I’m not saying that all of us dream about the day we get married, but that’s a fair majority. So now imagine that in the moment when you are making the promise of undying love to your better-half, there are 5 photographers jostling in the backlines like their life depended on it and the sound of families cheering has been replaced by an endless string of ‘Move’ and ‘Side, side!’
So much for living a fairytale!
Whether you’re a wedding photographer or somebody looking to book one for their wedding, below are a few useful points from some of our favourite photographers in the world to keep in mind and avoid having a SWAT team attack around the mandap
Q. As a photographer, what amount of pre-planning goes behind a wedding shoot to make the process smoother during the main days?
Answered by Adam Johnson
Then usually a month or two before the wedding we talk in detail about the timeline of their events, and where they want to make time for couple shots and that sort of thing. We talk again about how I’m going to work so that they understand not only that, but also that I can ensure I’m working in a way that works for them. I want to make amazing photos – that’s my main goal – but I also want them to have the best time because I know it’s those truly unscripted ‘moment’ photos which they’ll really grow to treasure as the years pass.
So really what I’m saying is that the pre-planning isn’t just to allow me to ‘make my art’ or enforce my style but is based more around the couple having the time of their life at their wedding and fitting photography in and around that – that way everyone is a winner!!
Q: How big a team of photographers does one need to have to make sure all the aspects of a wedding are covered?
Answered by Rahul Khona
The majority of weddings I shoot locally and abroad are mainly on my own. I love the freedom of shooting weddings by myself. I don’t feel that a second photographer is required unless the number of guests is over 200, or if the bride and groom are getting ready in totally separate locations, or some other logistics that require a second photographer.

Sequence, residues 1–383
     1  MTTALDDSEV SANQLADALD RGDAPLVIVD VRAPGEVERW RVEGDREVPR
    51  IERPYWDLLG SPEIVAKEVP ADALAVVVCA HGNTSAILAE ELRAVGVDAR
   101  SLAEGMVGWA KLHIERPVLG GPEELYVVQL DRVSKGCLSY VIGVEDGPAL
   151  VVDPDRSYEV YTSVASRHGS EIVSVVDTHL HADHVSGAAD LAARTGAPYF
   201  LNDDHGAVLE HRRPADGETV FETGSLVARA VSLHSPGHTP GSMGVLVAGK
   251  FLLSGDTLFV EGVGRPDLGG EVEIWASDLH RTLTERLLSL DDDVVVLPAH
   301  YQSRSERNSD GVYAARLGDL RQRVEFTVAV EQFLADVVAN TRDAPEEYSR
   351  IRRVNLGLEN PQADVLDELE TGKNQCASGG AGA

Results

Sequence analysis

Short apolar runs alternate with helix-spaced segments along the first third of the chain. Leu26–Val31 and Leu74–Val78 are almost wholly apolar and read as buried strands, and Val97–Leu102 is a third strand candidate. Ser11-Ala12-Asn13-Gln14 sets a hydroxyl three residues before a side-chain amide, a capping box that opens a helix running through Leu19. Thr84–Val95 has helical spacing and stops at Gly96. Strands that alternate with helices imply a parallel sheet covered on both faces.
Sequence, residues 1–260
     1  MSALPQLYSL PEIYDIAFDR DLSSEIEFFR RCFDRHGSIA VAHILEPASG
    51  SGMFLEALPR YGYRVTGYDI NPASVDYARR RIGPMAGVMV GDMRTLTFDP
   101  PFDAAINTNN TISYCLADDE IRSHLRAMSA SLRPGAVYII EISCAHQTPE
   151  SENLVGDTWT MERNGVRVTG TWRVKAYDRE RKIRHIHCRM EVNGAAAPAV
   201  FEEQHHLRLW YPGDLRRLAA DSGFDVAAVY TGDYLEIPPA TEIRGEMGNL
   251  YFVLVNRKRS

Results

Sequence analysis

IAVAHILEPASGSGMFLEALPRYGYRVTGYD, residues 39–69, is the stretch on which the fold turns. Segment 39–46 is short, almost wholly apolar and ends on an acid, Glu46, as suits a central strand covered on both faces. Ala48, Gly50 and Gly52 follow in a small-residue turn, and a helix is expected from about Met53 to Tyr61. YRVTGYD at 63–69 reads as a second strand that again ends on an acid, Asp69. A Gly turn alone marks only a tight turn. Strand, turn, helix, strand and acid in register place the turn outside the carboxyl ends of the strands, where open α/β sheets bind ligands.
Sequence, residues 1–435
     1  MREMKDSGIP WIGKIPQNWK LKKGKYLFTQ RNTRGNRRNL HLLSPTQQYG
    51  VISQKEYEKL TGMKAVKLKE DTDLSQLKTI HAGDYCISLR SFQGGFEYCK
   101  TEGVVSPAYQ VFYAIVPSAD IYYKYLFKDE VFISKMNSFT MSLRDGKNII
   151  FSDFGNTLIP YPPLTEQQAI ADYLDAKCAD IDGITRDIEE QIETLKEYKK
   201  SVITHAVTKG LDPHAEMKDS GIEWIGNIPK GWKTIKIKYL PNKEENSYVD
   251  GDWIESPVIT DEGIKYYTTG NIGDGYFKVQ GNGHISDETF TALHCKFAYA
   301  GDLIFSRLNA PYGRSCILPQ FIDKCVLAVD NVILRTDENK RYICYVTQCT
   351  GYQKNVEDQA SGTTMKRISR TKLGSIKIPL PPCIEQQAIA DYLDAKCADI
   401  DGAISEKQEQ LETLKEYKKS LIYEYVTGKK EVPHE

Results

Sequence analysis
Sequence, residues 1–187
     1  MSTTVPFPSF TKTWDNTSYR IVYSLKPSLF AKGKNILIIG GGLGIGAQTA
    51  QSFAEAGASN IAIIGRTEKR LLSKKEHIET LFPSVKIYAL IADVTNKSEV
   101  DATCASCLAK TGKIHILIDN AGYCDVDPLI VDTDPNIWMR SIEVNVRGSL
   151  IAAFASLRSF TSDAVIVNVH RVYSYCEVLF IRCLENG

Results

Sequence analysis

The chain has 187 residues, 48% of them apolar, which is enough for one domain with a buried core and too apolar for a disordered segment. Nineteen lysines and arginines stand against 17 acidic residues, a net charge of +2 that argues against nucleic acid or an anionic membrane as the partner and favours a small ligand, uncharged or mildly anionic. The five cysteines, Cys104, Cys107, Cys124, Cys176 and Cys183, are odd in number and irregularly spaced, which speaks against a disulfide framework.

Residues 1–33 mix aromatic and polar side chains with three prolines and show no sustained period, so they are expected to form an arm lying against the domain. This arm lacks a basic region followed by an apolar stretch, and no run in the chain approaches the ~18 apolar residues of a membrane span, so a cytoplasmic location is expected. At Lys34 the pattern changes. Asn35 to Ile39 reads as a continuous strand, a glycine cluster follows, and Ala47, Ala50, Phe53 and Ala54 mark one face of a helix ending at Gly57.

Most of my clients have the upmost faith in me and what I deliver as a solo wedding photographer. However, the most number of photographers I’ve ever shot a wedding with is two, myself and second photographer. The advantages of having a second photographer, is both shoot the ‘getting ready’ photos; during the speeches, one can cover the top table, speaker and nearby guests, whilst the second photographer, can move around the room capturing guest reactions, and also covering different angles from the main photographer, incase they miss anything.
I don’t think any wedding needs more than two photographers. At the end of the day, its your wedding. Its not a photoshoot. I like to be discreet capturing real, natural moments that occur, and having a ‘team’ or several photographers, can be a distraction to yourself, your guests and even to me. Also, if you have a cinematography team, then it would also make it harder to not be in each others photos or video, or even get in each other’s way, which can make it frustrating for me or the video team, as we’re both trying to do an amazing job for the client.
Ultimately the decision, comes down to you. On whether your budget can include a second photographer or not, and also how much trust and faith you have in your photographer to do an amazing job capturing your wedding on their own or with a second photographer.
Q: What can go wrong if the creative wavelengths of the photo-video team do not match?
Answered by Ali Ghorbani
All of these things are to reach the ultimate goal: To deliver the best images to the client. Unfortunately, many so-called professionals seem to put themselves and their agendas before the client’s interests, thus sometimes creating a stressful environment for everyone else who is working at the same wedding.
Q: What points should be kept in mind while selecting gear for a wedding shoot?
Answered by Ashima Narain